37th DPS Meeting, 4-9 September 2005
Session 57 Moon, Mercury and Venus
Poster, Thursday, September 8, 2005, 6:00-7:15pm, Music Recital Room

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[57.04] Spatial Distribution of Sodium on Mercury

A. E. Potter (National Solar Observatory, Tucson, Arizona), R.M. Killen (University of Maryland, College Park, Maryland)

If sodium vapor were uniformly distributed over the surface of Mercury, images of sodium emission would show limb brightening, with the emission fading to minimum values along the terminator. The north-south brightness distribution would be symmetric about the equator. However, actual images of Mercury sodium emission do not always correspond to this expectation. Some images show bright emission near the dawn terminator, and some show excess emission in either the northern or southern hemisphere. These anomalous effects hold clues to the source and loss processes for sodium. We have searched for spatial anomalies in a collection of about a thousand images of Mercury sodium emission, measured using the McMath-Pierce solar telescope at Kitt Peak, Arizona. Our data set covers true anomaly angles ranging from 0 to 360 degrees, with a few small gaps in the region between 180 and 360 degrees. About a third of them show either northern or southern hemisphere enhancement, with no obvious correlation with geography or true anomaly angle. We suggest that these high-latitude enhancements are the result of solar wind sputtering in the northern or southern hemisphere, depending on conditions of the IMF. Dawn enhancement of sodium emission may result from evaporation of condensed sodium vapor as the cold surface is warmed at sunrise. We explored this effect by computing ratios of eastern to western hemisphere intensities for images where the dawn terminator was in view. Dawn enhancement was evident for true anomaly angles less than about 120 degrees, but disappeared for larger true anomaly angles. We have no explanation for this effect. Possibilities include temperature effects and preferential precipitation of sodium ions on the dawn hemisphere.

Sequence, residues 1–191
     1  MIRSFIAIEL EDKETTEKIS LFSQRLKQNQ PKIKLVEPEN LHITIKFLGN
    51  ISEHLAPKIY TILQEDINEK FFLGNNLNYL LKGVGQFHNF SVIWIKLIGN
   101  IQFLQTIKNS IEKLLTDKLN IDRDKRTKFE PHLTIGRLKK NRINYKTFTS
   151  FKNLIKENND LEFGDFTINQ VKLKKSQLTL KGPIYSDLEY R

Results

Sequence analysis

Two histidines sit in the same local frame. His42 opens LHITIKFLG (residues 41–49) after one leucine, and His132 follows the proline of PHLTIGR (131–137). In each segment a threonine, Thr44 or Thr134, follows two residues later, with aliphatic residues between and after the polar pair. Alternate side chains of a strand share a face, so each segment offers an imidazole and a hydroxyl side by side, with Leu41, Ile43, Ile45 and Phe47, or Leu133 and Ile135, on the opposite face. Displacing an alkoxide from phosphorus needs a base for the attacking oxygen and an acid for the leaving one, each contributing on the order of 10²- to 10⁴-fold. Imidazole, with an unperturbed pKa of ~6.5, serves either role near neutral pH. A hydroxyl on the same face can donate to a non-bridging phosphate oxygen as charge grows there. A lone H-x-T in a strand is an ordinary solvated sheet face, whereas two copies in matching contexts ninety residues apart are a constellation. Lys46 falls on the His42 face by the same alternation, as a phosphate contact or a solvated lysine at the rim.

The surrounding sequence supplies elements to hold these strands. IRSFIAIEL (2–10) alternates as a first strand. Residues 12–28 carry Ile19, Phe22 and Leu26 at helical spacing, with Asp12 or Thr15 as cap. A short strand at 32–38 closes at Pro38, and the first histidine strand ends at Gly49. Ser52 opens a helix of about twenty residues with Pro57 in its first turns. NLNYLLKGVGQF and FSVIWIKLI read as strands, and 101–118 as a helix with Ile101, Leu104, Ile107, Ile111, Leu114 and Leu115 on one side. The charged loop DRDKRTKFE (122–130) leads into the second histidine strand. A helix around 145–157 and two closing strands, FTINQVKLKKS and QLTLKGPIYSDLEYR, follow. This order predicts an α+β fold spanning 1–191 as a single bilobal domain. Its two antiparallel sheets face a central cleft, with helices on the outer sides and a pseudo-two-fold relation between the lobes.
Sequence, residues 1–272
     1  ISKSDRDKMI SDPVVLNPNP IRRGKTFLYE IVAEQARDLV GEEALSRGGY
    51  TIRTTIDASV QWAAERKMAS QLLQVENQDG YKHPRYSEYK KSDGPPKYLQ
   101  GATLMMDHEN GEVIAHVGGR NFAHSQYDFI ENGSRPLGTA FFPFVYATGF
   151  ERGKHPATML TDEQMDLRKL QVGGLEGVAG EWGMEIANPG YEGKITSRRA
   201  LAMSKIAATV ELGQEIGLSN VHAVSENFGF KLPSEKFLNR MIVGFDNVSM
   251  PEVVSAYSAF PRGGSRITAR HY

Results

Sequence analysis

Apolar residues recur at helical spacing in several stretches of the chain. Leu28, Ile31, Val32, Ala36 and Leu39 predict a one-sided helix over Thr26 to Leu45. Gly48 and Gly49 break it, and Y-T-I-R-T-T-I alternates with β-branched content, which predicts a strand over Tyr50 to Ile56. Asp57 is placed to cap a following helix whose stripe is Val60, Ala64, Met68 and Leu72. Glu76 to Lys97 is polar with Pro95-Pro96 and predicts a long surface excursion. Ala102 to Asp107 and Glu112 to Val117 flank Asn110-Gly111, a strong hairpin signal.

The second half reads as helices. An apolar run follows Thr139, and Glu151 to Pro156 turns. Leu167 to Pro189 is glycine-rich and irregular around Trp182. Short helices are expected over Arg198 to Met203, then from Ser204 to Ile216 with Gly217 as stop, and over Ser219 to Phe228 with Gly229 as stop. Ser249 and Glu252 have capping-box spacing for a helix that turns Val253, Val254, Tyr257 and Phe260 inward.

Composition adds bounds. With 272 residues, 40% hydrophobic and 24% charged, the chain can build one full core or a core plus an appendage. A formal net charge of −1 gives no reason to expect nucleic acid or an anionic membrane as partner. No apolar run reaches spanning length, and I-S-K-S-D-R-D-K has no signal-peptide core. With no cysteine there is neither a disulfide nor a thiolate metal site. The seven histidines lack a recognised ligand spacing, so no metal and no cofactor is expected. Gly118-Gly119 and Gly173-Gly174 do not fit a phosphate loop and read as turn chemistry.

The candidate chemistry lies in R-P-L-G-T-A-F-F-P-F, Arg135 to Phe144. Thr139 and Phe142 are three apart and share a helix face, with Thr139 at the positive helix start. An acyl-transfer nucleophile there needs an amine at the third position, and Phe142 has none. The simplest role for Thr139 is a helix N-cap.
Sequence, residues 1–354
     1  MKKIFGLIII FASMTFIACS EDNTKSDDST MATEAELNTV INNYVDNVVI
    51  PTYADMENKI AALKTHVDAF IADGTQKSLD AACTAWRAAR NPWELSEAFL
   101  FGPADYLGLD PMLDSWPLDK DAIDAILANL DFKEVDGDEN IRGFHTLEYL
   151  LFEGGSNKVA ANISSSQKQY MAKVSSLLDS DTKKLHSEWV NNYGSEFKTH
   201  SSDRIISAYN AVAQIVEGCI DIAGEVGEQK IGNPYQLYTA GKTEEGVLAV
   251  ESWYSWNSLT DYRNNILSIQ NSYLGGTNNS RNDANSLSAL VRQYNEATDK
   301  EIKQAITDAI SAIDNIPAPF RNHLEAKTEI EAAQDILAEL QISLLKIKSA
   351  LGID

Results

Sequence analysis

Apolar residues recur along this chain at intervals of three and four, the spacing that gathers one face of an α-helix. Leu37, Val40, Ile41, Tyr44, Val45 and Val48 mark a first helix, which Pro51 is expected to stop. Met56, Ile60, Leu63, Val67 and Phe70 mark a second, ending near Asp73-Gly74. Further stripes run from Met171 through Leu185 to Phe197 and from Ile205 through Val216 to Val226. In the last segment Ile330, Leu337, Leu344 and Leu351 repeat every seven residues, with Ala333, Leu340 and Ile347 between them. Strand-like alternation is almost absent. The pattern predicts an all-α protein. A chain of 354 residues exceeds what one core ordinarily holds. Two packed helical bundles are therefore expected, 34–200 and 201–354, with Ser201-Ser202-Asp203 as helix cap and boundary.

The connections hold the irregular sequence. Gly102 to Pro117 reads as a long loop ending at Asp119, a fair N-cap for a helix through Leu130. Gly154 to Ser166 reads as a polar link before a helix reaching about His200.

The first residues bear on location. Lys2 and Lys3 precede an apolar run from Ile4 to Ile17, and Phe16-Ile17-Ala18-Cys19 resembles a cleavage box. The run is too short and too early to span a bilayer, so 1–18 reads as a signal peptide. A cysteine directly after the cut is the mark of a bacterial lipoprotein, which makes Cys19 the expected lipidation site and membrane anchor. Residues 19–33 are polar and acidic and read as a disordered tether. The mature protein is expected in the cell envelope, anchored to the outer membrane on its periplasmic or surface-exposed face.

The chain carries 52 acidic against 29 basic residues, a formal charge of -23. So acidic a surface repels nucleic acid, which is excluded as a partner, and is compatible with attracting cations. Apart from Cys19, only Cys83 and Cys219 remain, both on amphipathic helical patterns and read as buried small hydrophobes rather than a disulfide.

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Bulletin of the American Astronomical Society, 37 #3
© 2004. The American Astronomical Soceity.